By Drew Strouse, Commercial Insurance Advisor
I’ve never constructed a more incorrect statement regarding insurance in all my seven years in the business! Commercial flood insurance is most definitely not all the same. Let’s start with the basics: there are typically three routes for securing commercial flood insurance, all of which offer different limits of insurance and varying terms and conditions.
The most restrictive and last resort to securing commercial flood insurance is through the National Flood Insurance Program (NFIP), administered by the US government. The worst part of this program is the low maximum cap on the limit of insurance as a result of flood. This cap is $500,000 for building and business personal property. Additionally, you can’t purchase coverage for loss of business income as a result of flood from the NFIP. Nine times out of ten, clients securing flood insurance through the NFIP are located in a high risk flood zone, i.e., flood zone A/AE, and no one other than the US government is willing to insure this right due to the likelihood of a claim.
The second option, less restrictive but still posing some issues, is securing flood coverage from the private excess and surplus flood markets. Excess and surplus markets aren’t fly by night insurance companies or anything like that; they simply don’t have their forms approved by the state insurance department, aren’t subject to paying state taxes, and aren’t part of the state guarantee fund if the insurance company were to go bankrupt. Having said all that, there are some benefits of purchasing flood insurance from these markets. Business owners can purchase higher limits for building and personal property than the maximum limit of $500,000 offered by the NFIP. Additionally, business owners have the option to add coverage for loss of business income. Last, excess and surplus lines flood markets can offer an endorsement called “National Flood Insurance Compliance Guarantee Endorsement,” typically required by lenders when flood insurance is required by a loan.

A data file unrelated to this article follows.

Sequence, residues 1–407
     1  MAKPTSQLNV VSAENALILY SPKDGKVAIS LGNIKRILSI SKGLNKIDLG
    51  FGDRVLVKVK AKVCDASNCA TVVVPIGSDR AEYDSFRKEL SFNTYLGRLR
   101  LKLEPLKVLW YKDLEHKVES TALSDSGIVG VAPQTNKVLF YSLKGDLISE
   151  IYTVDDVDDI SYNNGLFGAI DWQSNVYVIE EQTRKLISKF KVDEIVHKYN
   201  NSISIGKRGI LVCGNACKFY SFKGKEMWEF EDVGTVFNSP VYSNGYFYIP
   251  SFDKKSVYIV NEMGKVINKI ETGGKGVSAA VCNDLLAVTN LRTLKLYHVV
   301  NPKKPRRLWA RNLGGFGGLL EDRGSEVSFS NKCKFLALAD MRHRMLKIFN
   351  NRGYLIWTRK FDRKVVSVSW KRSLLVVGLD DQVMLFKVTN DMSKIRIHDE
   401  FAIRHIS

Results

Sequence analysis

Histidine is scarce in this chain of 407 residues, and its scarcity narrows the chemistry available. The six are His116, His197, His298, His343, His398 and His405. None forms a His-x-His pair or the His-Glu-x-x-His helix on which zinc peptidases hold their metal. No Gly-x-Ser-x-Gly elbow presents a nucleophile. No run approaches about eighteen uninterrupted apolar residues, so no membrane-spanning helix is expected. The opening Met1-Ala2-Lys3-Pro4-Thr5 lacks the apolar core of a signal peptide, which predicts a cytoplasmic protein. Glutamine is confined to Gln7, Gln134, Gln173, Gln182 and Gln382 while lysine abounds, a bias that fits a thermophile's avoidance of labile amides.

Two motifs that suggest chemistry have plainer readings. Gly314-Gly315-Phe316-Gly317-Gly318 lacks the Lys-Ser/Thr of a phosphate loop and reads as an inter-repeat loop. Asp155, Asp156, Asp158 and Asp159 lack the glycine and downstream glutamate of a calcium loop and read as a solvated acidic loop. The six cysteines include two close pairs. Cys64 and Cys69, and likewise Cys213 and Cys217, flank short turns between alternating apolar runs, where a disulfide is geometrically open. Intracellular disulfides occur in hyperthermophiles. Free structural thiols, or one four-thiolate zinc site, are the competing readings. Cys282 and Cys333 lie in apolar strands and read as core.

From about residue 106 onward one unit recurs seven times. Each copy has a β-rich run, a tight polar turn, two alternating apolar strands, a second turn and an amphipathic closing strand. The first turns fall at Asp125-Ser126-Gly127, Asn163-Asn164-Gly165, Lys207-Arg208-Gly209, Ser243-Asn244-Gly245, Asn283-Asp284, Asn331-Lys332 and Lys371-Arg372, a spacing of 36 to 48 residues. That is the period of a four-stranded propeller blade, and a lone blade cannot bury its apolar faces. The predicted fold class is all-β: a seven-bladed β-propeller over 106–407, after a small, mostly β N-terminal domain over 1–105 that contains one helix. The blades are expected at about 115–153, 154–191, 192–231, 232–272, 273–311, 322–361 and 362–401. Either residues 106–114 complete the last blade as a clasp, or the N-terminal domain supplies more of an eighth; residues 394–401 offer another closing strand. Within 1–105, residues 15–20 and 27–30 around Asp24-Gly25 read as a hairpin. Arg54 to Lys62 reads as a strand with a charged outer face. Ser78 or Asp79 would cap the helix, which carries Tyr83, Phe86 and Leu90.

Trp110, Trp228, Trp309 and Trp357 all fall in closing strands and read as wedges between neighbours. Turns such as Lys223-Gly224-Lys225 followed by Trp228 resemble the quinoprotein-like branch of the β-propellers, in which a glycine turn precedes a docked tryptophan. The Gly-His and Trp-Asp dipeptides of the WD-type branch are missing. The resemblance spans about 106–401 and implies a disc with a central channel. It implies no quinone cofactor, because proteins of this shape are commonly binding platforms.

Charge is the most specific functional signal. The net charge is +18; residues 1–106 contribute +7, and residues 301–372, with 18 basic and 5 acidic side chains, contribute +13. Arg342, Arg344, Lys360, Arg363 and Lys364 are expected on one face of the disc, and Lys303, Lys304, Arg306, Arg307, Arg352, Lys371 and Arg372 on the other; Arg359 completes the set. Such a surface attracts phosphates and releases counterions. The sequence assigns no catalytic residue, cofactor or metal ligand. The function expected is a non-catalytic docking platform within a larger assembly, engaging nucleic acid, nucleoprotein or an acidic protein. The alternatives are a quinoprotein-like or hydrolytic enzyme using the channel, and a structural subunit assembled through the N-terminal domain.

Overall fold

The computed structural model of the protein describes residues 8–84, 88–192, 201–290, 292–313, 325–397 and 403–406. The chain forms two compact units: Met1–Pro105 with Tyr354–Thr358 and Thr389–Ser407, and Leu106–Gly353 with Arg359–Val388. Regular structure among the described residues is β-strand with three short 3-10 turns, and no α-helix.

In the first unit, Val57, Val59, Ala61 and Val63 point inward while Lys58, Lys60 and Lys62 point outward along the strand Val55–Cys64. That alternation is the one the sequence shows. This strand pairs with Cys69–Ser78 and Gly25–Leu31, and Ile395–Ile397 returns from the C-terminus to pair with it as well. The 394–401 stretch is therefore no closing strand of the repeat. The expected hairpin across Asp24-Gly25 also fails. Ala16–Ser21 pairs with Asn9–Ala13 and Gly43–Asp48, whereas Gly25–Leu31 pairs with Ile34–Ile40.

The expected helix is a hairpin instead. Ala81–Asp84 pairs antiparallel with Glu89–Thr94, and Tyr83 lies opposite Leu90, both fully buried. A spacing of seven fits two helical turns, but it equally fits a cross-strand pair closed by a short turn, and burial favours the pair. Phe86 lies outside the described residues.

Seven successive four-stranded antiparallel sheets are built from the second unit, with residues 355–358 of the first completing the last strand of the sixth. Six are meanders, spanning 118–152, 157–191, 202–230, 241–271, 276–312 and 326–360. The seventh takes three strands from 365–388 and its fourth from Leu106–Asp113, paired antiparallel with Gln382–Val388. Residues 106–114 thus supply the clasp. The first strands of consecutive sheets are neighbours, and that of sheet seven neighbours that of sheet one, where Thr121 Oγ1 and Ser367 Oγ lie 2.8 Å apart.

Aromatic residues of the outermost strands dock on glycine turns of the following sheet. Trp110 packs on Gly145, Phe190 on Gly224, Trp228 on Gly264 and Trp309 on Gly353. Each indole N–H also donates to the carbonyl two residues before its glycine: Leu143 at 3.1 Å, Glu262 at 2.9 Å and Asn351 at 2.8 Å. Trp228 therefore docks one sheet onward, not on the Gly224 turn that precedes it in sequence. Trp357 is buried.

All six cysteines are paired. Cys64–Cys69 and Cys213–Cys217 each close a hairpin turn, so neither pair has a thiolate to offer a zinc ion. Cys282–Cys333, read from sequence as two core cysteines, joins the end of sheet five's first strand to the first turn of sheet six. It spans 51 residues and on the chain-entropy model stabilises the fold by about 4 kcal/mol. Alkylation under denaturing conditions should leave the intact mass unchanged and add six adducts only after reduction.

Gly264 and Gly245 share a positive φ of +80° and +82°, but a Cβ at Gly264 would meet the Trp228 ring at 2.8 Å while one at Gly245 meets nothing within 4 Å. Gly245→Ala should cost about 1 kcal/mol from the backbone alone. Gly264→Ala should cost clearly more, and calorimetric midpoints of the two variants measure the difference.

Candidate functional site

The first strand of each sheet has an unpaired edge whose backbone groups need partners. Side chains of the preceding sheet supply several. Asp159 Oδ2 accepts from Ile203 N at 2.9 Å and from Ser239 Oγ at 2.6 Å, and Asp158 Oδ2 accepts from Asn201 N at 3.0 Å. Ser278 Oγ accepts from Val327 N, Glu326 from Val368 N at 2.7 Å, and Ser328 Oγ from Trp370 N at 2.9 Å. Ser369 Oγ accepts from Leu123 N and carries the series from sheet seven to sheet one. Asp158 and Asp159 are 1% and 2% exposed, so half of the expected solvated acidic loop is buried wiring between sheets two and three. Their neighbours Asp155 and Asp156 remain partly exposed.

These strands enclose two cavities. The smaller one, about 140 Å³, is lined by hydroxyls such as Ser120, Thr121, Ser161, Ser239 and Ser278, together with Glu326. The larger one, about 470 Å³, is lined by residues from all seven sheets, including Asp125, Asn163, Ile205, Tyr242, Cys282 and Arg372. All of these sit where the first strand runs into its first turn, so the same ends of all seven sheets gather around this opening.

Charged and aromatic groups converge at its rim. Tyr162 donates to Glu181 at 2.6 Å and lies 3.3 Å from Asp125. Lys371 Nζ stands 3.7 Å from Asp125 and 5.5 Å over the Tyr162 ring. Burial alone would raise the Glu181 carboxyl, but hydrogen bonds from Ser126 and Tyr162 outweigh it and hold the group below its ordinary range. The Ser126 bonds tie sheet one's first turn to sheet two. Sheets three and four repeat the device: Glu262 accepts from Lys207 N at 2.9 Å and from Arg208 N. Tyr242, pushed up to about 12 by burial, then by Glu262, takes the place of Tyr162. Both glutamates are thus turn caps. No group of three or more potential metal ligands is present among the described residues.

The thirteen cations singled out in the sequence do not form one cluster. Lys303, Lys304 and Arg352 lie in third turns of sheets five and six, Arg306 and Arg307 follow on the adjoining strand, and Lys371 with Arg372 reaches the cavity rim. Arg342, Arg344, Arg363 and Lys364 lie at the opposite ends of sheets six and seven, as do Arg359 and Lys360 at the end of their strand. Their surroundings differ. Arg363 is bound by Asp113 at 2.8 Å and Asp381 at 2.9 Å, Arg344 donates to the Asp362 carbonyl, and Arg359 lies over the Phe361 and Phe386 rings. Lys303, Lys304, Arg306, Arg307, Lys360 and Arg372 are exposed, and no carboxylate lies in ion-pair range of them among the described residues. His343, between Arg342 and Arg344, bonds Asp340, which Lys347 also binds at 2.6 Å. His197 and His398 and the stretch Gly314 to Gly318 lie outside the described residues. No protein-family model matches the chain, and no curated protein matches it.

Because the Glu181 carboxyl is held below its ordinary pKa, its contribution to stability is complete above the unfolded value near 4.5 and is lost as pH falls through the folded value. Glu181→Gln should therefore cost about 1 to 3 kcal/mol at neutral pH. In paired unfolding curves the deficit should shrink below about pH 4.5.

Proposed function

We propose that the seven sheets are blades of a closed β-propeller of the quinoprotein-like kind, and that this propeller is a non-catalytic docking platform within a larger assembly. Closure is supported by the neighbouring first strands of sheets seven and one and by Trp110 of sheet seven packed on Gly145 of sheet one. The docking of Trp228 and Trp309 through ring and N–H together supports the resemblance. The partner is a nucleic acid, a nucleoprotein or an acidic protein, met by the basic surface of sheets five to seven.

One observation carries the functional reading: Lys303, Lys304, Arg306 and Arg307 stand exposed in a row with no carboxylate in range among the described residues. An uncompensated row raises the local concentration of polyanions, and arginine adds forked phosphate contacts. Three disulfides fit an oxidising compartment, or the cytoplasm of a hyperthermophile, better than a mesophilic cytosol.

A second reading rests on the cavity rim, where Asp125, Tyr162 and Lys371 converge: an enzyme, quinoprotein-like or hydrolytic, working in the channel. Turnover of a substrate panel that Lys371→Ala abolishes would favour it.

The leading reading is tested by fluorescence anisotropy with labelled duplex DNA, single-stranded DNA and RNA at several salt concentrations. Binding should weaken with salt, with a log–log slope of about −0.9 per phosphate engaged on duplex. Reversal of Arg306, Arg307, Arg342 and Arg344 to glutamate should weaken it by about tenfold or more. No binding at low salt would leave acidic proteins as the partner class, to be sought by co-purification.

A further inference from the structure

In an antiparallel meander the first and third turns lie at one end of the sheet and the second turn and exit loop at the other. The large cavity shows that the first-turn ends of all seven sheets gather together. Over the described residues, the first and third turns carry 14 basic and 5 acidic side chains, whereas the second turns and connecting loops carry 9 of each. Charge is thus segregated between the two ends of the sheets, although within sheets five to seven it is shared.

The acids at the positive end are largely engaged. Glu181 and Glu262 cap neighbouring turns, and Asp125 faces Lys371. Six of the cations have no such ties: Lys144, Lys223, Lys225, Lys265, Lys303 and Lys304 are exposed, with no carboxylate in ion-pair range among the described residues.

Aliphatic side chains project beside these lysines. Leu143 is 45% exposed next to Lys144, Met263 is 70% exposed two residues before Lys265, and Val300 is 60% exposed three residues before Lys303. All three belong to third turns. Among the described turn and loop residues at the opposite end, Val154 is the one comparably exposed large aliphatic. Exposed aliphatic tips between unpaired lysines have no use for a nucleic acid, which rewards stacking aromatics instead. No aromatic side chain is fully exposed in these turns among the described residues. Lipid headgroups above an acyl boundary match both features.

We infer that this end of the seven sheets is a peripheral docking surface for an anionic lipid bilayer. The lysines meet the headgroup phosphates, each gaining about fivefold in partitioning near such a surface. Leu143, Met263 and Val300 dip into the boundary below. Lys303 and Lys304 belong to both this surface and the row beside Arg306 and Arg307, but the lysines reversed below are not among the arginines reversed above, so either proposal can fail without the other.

In my opinion, the best option for coverage and cost is to purchase commercial flood insurance through the standard markets. When business owners go this route, purchasing flood insurance is an add-on to their current property policy. All major insurance companies, such as Chubb, Travelers, Zurich, and Liberty Mutual, have the ability to add a sublimit for flood starting from $1,000,000 all the way up to $50,000,000. The main benefit of having flood insurance with the same company who insures the building is congruency should a claim occur. You have one carrier and one adjuster deciding whether to pay the claim from the flood coverage or the property coverage. With NFIP or excess and surplus insurance, flood coverage is a separate policy with different definitions, terms, and conditions. This could lead to a situation where both the flood carrier and property carrier are saying the other should be paying the claim, leaving the insured in the middle with an unclear direction on who is paying the claim.
Overall, flood insurance is different for every business owner. There are potential lender requirements to consider, along with what flood zone the building is located in, and what deductible the insured is comfortable retaining. All of these factors should be discussed with your commercial insurance agent before coming to an informed decision. Contact Brown & Brown of Detroit at 586.977.6300 to learn more about your flood insurance options!